The production of particles and crystals is a key activity for the pharmaceutical and chemical industry. In the production process of particles, the flow conditions that a particle experiences during its formation play a critical role on the structural properties of particles. In the present contribution we use active actuation to control the flow and to handle particles under formation.

By oscillating a piezoceramic element coupled to a channel with a frequency (2 MHz) that is matched with the width of the channel (375 μm) to achieve resonance, we induce acoustic streaming, giving rise to an oscillating pressure profile. As a result, vortices are produced, allowing for a rapid long-range transport of particles. It is demonstrated that an increase in transport rate of 1 μm particles by 4 orders of magnitude is achieved compared to pure diffusive transport. When particles reach a critical size (around 2 μm), acoustic radiation forces dominate and hard particles rapidly focus at the pressure node in the middle of the channel. The dynamics of this process is experimentally characterized using a recently developed 3D particle image velocimetry methodology and interpreted by comparing with computational fluid dynamics simulations. Experiments were performed with fluorescent polystyrene particles as well as with miconazole (API) crystals.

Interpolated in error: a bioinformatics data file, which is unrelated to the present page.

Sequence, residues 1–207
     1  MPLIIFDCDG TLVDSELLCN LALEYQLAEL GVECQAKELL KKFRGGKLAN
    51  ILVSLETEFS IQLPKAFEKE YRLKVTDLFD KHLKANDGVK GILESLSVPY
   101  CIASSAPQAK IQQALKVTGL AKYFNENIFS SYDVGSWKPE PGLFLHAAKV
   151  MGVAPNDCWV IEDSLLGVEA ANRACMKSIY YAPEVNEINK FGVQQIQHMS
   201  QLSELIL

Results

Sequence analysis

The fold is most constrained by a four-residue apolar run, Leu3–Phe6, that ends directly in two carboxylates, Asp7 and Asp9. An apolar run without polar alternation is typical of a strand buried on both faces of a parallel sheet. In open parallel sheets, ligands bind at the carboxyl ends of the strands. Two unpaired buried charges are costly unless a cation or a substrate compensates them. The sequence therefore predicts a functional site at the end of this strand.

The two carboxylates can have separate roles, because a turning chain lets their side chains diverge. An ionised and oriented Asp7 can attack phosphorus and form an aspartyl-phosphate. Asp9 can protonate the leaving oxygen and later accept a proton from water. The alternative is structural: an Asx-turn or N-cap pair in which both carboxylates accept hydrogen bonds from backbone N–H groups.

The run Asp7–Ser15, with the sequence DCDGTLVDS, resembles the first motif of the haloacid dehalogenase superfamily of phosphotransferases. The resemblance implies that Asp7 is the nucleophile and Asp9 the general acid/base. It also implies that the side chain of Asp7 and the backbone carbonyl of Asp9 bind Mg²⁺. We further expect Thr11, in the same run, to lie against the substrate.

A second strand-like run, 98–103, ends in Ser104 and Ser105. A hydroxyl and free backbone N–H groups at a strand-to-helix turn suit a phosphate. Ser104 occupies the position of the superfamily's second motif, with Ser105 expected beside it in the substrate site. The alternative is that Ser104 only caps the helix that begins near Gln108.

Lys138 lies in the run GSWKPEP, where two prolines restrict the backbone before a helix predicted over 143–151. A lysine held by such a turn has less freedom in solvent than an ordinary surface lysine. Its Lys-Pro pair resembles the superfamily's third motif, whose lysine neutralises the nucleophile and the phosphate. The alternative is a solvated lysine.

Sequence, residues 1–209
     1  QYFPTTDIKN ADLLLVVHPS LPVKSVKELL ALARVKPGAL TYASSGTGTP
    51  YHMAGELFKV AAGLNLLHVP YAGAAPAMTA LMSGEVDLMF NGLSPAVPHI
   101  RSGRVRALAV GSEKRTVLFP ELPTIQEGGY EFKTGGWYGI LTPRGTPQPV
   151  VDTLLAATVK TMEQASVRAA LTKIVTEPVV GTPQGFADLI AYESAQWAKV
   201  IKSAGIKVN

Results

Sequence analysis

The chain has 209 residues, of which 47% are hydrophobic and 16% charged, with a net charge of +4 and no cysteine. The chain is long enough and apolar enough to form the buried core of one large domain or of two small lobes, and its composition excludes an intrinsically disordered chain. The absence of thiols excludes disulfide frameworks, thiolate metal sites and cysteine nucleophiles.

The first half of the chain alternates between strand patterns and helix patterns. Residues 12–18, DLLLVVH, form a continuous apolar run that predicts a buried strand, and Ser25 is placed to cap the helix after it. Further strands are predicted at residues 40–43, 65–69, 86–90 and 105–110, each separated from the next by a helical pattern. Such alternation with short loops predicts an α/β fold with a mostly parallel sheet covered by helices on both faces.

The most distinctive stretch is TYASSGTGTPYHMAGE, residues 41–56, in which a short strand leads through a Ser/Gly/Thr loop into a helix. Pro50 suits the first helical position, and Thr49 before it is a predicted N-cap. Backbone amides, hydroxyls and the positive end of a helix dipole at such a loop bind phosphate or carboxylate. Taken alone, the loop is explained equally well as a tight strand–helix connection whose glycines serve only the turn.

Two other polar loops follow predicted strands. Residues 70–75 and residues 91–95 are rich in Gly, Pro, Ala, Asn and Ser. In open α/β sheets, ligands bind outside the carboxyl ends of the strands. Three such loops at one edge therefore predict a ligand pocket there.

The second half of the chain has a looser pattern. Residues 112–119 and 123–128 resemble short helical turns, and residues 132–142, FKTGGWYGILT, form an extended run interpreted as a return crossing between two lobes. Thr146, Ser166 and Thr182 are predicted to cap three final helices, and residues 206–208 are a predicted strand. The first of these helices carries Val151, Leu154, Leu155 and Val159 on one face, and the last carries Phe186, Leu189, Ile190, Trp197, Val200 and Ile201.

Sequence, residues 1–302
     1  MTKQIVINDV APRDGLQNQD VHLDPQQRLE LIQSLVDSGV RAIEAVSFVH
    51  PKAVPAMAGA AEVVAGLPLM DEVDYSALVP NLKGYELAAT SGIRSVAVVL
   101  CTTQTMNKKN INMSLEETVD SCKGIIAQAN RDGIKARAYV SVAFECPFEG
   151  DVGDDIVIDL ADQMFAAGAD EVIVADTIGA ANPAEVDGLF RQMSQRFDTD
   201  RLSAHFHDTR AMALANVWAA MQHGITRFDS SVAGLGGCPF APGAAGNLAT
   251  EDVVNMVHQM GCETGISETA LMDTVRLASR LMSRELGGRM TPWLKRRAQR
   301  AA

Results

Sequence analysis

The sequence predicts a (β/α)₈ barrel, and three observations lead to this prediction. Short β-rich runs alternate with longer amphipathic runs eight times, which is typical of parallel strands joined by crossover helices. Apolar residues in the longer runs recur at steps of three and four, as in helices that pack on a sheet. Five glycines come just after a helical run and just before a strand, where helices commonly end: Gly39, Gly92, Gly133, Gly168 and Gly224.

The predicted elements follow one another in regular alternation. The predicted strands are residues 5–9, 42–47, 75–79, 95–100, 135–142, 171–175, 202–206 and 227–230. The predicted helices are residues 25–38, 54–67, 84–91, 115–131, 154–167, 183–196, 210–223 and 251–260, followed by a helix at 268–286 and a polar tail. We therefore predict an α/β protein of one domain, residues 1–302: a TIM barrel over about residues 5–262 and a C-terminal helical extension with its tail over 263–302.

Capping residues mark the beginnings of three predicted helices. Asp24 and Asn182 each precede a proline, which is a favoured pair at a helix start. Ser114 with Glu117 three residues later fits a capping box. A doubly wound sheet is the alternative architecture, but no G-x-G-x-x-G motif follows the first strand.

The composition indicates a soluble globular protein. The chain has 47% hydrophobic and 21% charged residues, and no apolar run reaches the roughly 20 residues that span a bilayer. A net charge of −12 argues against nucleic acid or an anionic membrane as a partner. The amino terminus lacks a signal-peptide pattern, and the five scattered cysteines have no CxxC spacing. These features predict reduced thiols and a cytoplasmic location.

Next to migration speed, also the shear rate that particles (under formation) experience is of importance during the formation, especially for crystals. In common (Poisseuille) flow conditions, the local shear rate value changes linearly in the lateral direction, making it difficult to assess the influence of shear rate. To allow for a systematic assessment of the impact on specific shear values, we developed a device wherein the cover is mechanically translated, resulting in a linear flow profile. In the resulting constant shear situation in the channel (excluding the zones near the walls) crystallization experiments were performed with the protein Lysozyme. Striking changes solubility line were observed.

In conclusion, the need for mixing in channels with dimensions wherein turbulence is hard or impossible to achieve is further discussed as well as its potential impact on the separation efficiency in the context of separations is further discussed. Approaches to create vortices in micron-scale channels are presented, as well as their impact on mass transport and device performance.
Original languageEnglish
Title of host publicationOverview of Abstracts CRF2
Place of PublicationLeuven
Number of pages1
Publication statusPublished - 2019
EventChemical Research in Flanders - "CRF-2" - Floreal Club, Blankenberge, Belgium
Duration: 14 Oct 201916 Oct 2019


ConferenceChemical Research in Flanders - "CRF-2"
Abbreviated titleCRF-2
Internet address


  • Mass transport
  • microreactors


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